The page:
Robert Stieglitz shuts out Nader Hamdan in Erfurt

6 May

Petra Kirsch – Gelsenkirchen

The least heralded of the world champions at super middleweight, WBO incumbent Robert Stieglitz failed to boost his international stock value as, even though he amassed a one-sided points victory over Nader Hamdan on Saturday, May 5 at the Massehalle in Erfurt, Germany, the lack of quality opponent combined with the dour nature of the fight ensured no fear will have been instilled into any potential future challenger (George Groves, Arthur Abraham or Mikkel Kessler).

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Kirsch’s scorecard

Round 1 2 3 4 5 6 7 8 9 10 11 12
9 9 9 9 9 9 9 9 9 9
9 9
10 10 10
10 10 10 10 10 10 10 10 10

Official verdict: Stieglitz on points (120-108, 117-111, 117-111).

Originally slated to fight unbeaten Briton George Groves, Robert Stieglitz showed signs of de-motivation when clashing with 38-year-old Australian replacement Nader Hamdan (who had won just once in his last five prior to Stieglitz). The busier boxer, Stieglitz was also faster than Hamdan and his hand speed in particular ensured he was able to send multiple hooking punches to both of Hamdan’s cheeks when he was mid-flurry.

Tactically, Stieglitz fought a good fight early on and, being eight years Hamdan’s junior, attempted to old man his opponent by taking as much gas out of his lungs when pounding the body early on. Stieglitz, though, never really got going and merely cruised to a shut-out decision.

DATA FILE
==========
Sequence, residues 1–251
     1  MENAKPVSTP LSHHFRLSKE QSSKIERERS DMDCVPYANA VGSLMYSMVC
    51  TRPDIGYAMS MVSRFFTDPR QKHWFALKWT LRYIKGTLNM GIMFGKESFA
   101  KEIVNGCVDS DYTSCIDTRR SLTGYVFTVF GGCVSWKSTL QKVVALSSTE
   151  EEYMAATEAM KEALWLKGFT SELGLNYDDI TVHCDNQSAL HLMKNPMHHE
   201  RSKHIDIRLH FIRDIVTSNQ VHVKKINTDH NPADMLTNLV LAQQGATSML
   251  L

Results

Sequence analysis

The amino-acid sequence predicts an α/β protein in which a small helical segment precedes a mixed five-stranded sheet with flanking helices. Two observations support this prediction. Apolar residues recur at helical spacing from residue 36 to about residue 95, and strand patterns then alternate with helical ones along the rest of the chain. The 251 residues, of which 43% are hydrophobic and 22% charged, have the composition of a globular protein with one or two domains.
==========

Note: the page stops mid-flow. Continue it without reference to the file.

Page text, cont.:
Hamdan established his jab in round three yet his movement was too one-dimensional, he moved in forward and backward lines and neglected side-to-side motions. These forward lines meant he walked into shots, notably chin-bound right hands as Stieglitz – even when in second gear – limited Hamdan’s precision by attacking so efficiently himself. Hamdan, though, sought to outwork Stieglitz in the match-up’s second quarter. In the first half of the fifth round, for instance, Hamdan took control via sheer work-rate alone, yet, in the second half of the round, Stieglitz regained the upper-hand with his attention to the body, the accuracy of the right hand over the top.

While Stieglitz was undeniably the superior super middleweight, there were flaws in his approach to boxing Hamdan. The Sydney-based fighter, who had only once been stopped by knockout in two hands full of defeats (to Arthur Abraham), was a durable man but was largely immobile. Stieglitz’s activity was eye-catching but he was not trapping Hamdan. The Australian always wanted to operate in the middle of the ring, something Stieglitz allowed him to do, yet if he forced him into a corner – or even the ropes – he would have a stationary target to unleash combination after combination on.

Undeterred at being so far behind on the scorecards, Hamdan did have reason for cheer as his jabbing produced mild swelling on the champion’s face in round eight but, just when he may have nicked a ten score, Stieglitz reverted to form and considerably out-threw and out-boxed Hamdan.

Leaving it late to change gears in order to finally increase his speed and power, Stieglitz forced Hamdan into punishing territory in round ten but that burst of excitement was short-lived as the German – fatigued – went back to doing just enough to claim the round and the eventual victory, moving to 42-2-0, 23ko in what was a forgettable performance. Hamdan dropped down to 43-10-1, 18ko.

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